News 12 at 11 o'clock / Wednesday, July 20, 2011
AUGUSTA -- Both Georgia and South Carolina are two of the most toxic states, according to a new report.
The Natural Resources Defense Council and Physicians for Social Responsibility used Environmental Protection Agency air quality data to make a list of the 20 worst. Georgia came in ninth, and South Carolina was right behind at 11th.
"It's no real surprise," said Paul DeCamp, the planning director for the Augusta-Richmond County Planning Commission.
Even though the report didn't specifically target this area, he says we've had our fair share of problems. But recently, he says things have gotten better.
"In the past few years, the ozone levels in our metro area have been trending downward, so they are currently within the limits of the current standards," he said.
But this area, particularly Augusta, could be in trouble if Washington adopts new standards.
"We expect those, once they are issued by EPA, those standards will be stricter than they have been and they are currently," he told News 12.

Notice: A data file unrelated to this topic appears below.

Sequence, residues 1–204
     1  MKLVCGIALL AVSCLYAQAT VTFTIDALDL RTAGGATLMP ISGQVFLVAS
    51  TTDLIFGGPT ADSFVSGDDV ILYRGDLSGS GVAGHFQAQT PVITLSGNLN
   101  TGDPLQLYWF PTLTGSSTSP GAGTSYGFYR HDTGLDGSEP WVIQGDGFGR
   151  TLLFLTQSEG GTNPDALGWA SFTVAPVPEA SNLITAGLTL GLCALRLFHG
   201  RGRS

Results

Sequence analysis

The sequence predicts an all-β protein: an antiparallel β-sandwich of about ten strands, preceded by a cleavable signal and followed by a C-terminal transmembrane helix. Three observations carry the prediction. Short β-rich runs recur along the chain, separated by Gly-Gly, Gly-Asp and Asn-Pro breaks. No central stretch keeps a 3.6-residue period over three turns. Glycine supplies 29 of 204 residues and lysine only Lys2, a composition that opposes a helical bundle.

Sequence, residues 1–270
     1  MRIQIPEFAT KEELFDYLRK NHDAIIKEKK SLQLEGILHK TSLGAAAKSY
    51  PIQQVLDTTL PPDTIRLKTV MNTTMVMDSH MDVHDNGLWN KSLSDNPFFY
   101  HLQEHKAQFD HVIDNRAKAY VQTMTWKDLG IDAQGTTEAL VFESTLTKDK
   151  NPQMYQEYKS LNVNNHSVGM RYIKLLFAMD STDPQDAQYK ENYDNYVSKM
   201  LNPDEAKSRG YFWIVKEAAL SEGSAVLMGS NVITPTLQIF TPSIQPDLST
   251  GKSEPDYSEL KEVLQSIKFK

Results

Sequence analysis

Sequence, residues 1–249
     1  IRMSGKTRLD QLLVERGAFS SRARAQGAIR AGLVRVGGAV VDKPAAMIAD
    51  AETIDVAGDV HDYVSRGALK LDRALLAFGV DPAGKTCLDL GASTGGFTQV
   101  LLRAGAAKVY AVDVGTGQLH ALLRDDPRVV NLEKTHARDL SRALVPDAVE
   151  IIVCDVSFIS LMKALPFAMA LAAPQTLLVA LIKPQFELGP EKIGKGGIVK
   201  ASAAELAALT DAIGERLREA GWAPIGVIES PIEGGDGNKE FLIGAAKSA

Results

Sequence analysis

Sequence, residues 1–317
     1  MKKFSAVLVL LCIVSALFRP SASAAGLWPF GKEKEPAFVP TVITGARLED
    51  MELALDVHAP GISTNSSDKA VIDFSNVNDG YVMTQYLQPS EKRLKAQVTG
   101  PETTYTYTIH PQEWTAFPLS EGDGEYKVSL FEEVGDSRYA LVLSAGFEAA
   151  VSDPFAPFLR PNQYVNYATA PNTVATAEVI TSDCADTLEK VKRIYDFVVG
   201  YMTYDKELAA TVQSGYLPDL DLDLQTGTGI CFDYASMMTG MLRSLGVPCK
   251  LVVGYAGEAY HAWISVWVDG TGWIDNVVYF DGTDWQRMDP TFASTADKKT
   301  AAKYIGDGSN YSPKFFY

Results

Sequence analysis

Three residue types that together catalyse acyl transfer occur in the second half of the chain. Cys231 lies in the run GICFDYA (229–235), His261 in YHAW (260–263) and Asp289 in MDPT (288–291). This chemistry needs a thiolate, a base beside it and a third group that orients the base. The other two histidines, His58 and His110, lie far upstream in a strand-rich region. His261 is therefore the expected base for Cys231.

DeCamp says if the new, stricter regulations are passed, Augusta would fail air quality tests at spots across the county.
However, the EPA remains that current regulations aren't strict enough for your health.
Dr. Kitty Herlen is an assistant professor of respiratory therapy at Georgia Health Sciences University. She says sometimes you don't realize you're breathing unsafe air until it's too late.
"Particulates can do damage. They can cause irritation in the airways, they can lead to chronic cough, they can also exacerbate asthma or chronic bronchitis," she said.
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